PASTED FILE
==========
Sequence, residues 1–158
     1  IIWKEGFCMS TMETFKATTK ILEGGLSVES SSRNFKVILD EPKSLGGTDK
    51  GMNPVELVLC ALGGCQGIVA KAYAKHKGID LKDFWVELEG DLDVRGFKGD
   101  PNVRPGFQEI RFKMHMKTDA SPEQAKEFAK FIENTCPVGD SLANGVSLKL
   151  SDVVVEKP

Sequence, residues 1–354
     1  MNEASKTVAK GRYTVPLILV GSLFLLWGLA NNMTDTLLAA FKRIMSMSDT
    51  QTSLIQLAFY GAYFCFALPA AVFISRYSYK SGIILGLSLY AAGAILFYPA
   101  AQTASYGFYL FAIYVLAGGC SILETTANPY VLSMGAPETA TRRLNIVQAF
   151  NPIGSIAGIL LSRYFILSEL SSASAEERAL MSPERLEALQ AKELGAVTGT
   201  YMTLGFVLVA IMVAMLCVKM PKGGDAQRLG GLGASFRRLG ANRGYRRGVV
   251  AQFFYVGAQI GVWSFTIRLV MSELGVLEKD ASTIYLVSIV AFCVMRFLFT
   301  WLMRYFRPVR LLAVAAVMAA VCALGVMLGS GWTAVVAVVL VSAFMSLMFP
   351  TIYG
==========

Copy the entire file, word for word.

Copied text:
Sequence, residues 1–158
     1  IIWKEGFCMS TMETFKATTK ILEGGLSVES SSRNFKVILD EPKSLGGTDK
    51  GMNPVELVLC ALGGCQGIVA KAYAKHKGID LKDFWVELEG DLDVRGFKGD
   101  PNVRPGFQEI RFKMHMKTDA SPEQAKEFAK FIENTCPVGD SLANGVSLKL
   151  SDVVVEKP

Sequence, residues 1–354
     1  MNEASKTVAK GRYTVPLILV GSLFLLWGLA NNMTDTLLAA FKRIMSMSDT
    51  QTSLIQLAFY GAYFCFALPA AVFISRYSYK SGIILGLSLY AAGAILFYPA
   101  AQTASYGFYL FAIYVLAGGC SILETTANPY VLSMGAPETA TRRLNIVQAF
   151  NPIGSIAGIL LSRYFILSEL SSASAEERAL MSPERLEALQ AKELGAVTGT
   201  YMTLGFVLVA IMVAMLCVKM PKGGDAQRLG GLGASFRRLG ANRGYRRGVV
   251  AQFFYVGAQI GVWSFTIRLV MSELGVLEKD ASTIYLVSIV AFCVMRFLFT
   301  WLMRYFRPVR LLAVAAVMAA VCALGVMLGS GWTAVVAVVL VSAFMSLMFP
   351  TIYG